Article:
A leading industry lawyer believes consumer victims of Lowcost Travel’s collapse may have grounds for claims against the Balearics government.
The company ceased trading last month after quitting the UK’s Atol scheme in 2013 and relocating online agency business Lowcost Holidays to Majorca, where it was registered with the local government protection scheme, as required by EU law.
Lowcost Holidays’ terms advised consumers the company acted as an agent, but “if you book a flight with accommodation, we voluntarily accept this is a ‘package’”.
It claimed: “We have fully complied with financial protection requirements . . . with the Spanish authorities. These arrangements ensure payments made by you for your package will be refunded.”
But the company had a financial guarantee of just €1.2 million.
Former group chief executive Paul Evans conceded last week: “Customers will have to pay for and reclaim their accommodation and transfers.”
Stephen Mason, senior partner at Travlaw, said: “Lowcost claimed to consumers that all its holidays were protected. There are two scenarios. Did they tell the Spanish authorities ‘we’re selling all these holidays across Europe and want them covered’, or did they say ‘we’re selling to Spanish consumers’.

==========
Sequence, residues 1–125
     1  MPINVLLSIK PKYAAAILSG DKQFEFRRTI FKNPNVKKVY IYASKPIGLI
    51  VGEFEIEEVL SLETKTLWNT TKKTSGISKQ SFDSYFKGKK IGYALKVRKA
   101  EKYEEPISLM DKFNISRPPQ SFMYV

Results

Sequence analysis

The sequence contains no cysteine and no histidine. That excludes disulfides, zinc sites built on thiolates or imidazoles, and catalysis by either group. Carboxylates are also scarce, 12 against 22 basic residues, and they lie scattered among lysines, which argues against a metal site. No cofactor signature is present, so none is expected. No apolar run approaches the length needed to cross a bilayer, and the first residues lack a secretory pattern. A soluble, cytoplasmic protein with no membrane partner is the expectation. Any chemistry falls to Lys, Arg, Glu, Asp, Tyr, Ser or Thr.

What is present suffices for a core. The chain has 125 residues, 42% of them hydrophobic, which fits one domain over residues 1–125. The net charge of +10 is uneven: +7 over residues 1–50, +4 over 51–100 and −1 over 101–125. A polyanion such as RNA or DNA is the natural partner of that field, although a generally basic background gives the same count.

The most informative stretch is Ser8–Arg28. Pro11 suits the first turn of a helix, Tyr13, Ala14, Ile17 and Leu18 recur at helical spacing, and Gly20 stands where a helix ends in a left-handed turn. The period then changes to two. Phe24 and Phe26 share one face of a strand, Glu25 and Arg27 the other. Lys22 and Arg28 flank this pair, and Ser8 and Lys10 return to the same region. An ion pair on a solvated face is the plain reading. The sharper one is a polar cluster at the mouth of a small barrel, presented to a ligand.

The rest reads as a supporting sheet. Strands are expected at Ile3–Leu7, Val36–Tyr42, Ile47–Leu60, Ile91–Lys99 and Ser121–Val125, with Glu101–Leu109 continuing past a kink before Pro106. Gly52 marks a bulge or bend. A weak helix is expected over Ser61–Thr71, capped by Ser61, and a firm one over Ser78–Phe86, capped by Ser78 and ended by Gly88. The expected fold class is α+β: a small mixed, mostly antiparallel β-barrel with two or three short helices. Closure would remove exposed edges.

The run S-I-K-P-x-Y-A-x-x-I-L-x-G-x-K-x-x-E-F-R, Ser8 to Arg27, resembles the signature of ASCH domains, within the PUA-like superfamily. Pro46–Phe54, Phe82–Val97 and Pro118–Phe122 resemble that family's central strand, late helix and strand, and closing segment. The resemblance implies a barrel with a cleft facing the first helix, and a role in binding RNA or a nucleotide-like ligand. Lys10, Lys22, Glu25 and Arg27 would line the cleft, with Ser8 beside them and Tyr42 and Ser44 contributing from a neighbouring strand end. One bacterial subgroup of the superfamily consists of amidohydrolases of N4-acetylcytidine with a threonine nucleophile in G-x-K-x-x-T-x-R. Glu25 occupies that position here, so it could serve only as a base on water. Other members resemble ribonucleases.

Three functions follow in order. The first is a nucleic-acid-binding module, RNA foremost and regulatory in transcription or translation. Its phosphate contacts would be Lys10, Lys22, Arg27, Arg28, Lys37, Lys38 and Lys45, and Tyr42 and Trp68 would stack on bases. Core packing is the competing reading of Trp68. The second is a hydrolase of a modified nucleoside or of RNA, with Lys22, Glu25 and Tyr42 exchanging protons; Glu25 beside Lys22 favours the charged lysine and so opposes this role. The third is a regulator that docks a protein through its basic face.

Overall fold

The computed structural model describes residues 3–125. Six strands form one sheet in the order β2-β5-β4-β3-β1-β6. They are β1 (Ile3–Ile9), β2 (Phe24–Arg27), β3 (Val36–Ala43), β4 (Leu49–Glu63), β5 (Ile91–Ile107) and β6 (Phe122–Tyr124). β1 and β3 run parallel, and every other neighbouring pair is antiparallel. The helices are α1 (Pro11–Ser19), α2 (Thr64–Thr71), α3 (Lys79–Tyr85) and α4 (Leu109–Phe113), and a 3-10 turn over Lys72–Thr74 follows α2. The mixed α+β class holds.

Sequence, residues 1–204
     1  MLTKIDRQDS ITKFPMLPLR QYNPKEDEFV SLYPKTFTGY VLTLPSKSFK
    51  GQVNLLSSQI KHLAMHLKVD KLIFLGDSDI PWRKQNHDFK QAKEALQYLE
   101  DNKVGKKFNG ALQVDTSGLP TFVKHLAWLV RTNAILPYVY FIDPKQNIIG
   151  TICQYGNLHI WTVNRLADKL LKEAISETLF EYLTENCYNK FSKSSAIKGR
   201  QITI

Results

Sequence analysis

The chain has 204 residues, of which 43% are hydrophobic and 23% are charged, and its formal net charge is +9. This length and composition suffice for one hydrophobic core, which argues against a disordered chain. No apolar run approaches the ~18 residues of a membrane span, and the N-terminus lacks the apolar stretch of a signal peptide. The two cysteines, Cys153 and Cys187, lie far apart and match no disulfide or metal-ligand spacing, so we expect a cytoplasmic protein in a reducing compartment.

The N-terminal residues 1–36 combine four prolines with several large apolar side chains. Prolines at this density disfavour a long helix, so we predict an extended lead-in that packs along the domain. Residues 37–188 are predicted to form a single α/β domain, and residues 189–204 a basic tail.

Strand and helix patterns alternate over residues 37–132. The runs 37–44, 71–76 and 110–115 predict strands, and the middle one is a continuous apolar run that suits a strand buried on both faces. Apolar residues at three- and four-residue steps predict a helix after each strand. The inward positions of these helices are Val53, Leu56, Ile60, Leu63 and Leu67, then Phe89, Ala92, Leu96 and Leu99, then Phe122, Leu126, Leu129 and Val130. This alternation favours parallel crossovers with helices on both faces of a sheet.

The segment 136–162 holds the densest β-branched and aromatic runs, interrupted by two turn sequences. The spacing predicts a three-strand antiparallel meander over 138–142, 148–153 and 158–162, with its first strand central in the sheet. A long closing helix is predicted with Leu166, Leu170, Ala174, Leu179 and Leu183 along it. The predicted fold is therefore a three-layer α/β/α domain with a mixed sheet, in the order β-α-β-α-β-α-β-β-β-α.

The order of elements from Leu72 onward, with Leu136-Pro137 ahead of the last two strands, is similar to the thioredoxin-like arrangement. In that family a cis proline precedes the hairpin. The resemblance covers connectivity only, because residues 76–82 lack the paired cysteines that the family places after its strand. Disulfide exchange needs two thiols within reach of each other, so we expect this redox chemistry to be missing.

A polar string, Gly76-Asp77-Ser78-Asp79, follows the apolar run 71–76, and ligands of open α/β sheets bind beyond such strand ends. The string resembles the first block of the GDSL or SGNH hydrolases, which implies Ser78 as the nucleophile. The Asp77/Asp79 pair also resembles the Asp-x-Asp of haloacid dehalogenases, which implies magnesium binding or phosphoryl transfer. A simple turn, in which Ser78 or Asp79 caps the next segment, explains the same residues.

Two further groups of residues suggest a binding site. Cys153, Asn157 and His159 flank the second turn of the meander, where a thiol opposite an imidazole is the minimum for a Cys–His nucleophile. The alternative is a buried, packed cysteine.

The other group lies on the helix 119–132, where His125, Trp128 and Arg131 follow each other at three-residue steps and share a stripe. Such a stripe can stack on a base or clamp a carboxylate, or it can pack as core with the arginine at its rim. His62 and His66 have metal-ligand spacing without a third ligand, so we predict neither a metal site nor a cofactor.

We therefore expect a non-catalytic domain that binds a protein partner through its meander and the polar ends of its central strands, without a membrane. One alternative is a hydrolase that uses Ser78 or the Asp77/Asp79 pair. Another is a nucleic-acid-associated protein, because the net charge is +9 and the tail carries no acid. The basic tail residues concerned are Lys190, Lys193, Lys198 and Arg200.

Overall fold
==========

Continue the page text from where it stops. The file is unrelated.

“If it was the first and the Majorcan authorities said ‘this will cover you’, European Court of Justice case law [suggests] the Balearics government may be liable. If the company misled the Spanish authorities, then the CAA or trading standards may have a case under the Consumer Protection from Unfair Trading Regulations.
“One of the two propositions must be true. Either the Majorcan government knew and must be liable, or it was misled.”
Evans claimed last week: “People will be able to reclaim their money.” But consumers who booked holidays on Visa Debit cards or accommodation on credit cards look set to miss out.
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